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Truck sat for 3 weeks w/o the solar trickle...


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so it groaned but wouldn't turn over. I called a friend & he had a booster... not enough initially but after a few minutes of charging, it lit right off. I took it to town & it seems ok now. But I gotta get a Booster. Good ones? Bad ones?

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... or pull the IOD fuse out and not worry. There is a reason why Dodge designed the fuse with that funky clip so you can pull the fuse out and cut the power so not to drain the batteries. Batteries will naturally discharge over time still so you will need a trickle charger to maintain the charge state. Personally I like the RV converters because after 24 hour it will re-bulk the batteries back up full and reduce the charge rate again to 13.2V or so to keep the water lost down. But still in all all batteries will lose water if hooked to a battery charger so you'll have to check the batteries once a month.

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http://forum.mopar1973man.com/threads/7048-Went-out-to-move-the-truck http://forum.mopar1973man.com/threads/5117-DEAD-Batteries http://forum.mopar1973man.com/threads/5182-Not-Starting-as-Before So now you guys can see what has already been said and start where the other threads left off..no need repeating everything. As for you Russ :evilgrin: You said the sears guys didn't take the terminals off or looked like they didnt, so did you ever get them load tested properly? Have you tracked down any more crappy grounds? Have you used a multimeter on it to see what the voltage is lately? If they didn't test them properly and you have to keep a trickle charger on them to get them to have any kind of power then I would say the batteries are toast. Take them to a real battery shop that will take them out and hook it up to a fancy machine.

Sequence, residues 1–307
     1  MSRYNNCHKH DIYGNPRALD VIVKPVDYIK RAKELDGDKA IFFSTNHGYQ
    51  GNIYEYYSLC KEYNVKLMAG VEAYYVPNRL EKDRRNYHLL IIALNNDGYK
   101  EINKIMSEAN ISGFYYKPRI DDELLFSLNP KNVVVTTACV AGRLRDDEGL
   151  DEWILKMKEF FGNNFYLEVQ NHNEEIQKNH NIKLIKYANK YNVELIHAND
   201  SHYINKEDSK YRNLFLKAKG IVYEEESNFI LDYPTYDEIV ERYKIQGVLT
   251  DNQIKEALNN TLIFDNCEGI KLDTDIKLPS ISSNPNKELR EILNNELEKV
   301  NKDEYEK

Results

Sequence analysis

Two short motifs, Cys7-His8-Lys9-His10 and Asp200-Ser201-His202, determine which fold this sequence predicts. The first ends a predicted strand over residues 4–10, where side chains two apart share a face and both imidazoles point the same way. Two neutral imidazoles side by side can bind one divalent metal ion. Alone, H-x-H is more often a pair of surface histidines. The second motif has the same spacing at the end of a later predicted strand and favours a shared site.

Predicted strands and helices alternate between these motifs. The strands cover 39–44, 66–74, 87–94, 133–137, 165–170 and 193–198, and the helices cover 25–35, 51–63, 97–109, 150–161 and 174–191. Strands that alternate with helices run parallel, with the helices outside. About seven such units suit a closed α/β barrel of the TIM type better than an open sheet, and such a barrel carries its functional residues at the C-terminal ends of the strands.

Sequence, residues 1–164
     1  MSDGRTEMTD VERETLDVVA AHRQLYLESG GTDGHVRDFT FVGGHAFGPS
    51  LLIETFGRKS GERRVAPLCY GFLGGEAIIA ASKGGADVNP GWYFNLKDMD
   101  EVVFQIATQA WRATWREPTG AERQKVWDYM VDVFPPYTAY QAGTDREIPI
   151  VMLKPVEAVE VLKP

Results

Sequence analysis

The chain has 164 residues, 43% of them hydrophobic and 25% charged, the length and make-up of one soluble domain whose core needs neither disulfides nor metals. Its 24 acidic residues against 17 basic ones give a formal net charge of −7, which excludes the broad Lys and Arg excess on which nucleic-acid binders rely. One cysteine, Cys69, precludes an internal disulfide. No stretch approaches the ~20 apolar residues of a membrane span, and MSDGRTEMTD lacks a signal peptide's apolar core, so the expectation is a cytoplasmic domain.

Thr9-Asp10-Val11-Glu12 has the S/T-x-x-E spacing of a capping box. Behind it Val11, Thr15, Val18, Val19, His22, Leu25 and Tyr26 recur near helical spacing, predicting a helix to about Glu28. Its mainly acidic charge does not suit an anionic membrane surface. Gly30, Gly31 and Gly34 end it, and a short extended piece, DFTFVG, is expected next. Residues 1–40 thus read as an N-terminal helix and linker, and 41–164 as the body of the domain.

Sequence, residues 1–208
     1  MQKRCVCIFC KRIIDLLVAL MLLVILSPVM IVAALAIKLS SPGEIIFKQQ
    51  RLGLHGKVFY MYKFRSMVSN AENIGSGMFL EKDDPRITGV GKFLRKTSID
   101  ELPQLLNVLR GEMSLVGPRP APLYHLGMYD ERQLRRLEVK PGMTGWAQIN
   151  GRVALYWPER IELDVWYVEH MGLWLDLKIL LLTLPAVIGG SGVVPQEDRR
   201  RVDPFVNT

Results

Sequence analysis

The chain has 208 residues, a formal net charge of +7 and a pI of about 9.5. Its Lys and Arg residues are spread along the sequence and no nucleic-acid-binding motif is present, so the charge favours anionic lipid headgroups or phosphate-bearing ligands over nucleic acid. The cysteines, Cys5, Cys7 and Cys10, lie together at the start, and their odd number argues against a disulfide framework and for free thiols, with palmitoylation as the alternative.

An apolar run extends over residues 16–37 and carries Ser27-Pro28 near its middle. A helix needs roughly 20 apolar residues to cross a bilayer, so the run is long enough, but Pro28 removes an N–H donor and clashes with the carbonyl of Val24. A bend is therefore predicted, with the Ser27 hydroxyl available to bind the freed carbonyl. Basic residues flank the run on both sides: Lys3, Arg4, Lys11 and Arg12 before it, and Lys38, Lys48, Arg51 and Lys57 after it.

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The battery terminals Don't have visible corrosion but are grey oxidized outside. I will fire up the multi-meter & see what the battery voltage is. Come to think of it, during my hour drive, after jump starting... battery voltage meter read pretty normal. It was too hot outside & I was getting MS-brain (inability to focus thoughts). Surely the first step is to pull & clean the battery terminals.

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  • 2 weeks later...
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Why does a battery charger make the batteries vent out water and driving doesn't?I replaced my OEM batteries in Sep '10 with 1750 engine hours, and the way the voltage runs on the truck it's rarely below 14.0v. 1750 hours is only 72 days, but there was zero fluid loss during that time. I would think that keeping something on a trickle at 13.2 wouldn't cause venting, but????

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Why does a battery charger make the batteries vent out water and driving doesn't? I replaced my OEM batteries in Sep '10 with 1750 engine hours, and the way the voltage runs on the truck it's rarely below 14.0v. 1750 hours is only 72 days, but there was zero fluid loss during that time. I would think that keeping something on a trickle at 13.2 wouldn't cause venting, but????

battery chargers put a forced charge on the batteries causing heat and some chemical reaction causing bubbles to form on the plates that directly displaces water. gas also vents too. when the vehicle is running, the alternator "floats" the vehicles load over the batteries. the batteries are not being drained as the power is going to the vehicle through the battery. this is why you see on DC power plants with battery backup a "float" or "charge" switch. if the batteries are discharged below 100% the rectifiers will increase output to supply a charge current to batteries plus power the equipment tied to the battery string. same thing happens with a vehicle but its controlled automatically by the ecu and alternator. clear as mud?
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The solar is just a cheap dashboard maintainer... but irregardless of the engine or batteries, the TRUCK's draw ought to be similar (If who ever drives the truck last, remembers to plug it in.) It's worked fine for extended periods in the past. I really should drive the truck more but it's the effort of moving my stuff and the fact the AC is still out on the truck in this heat.

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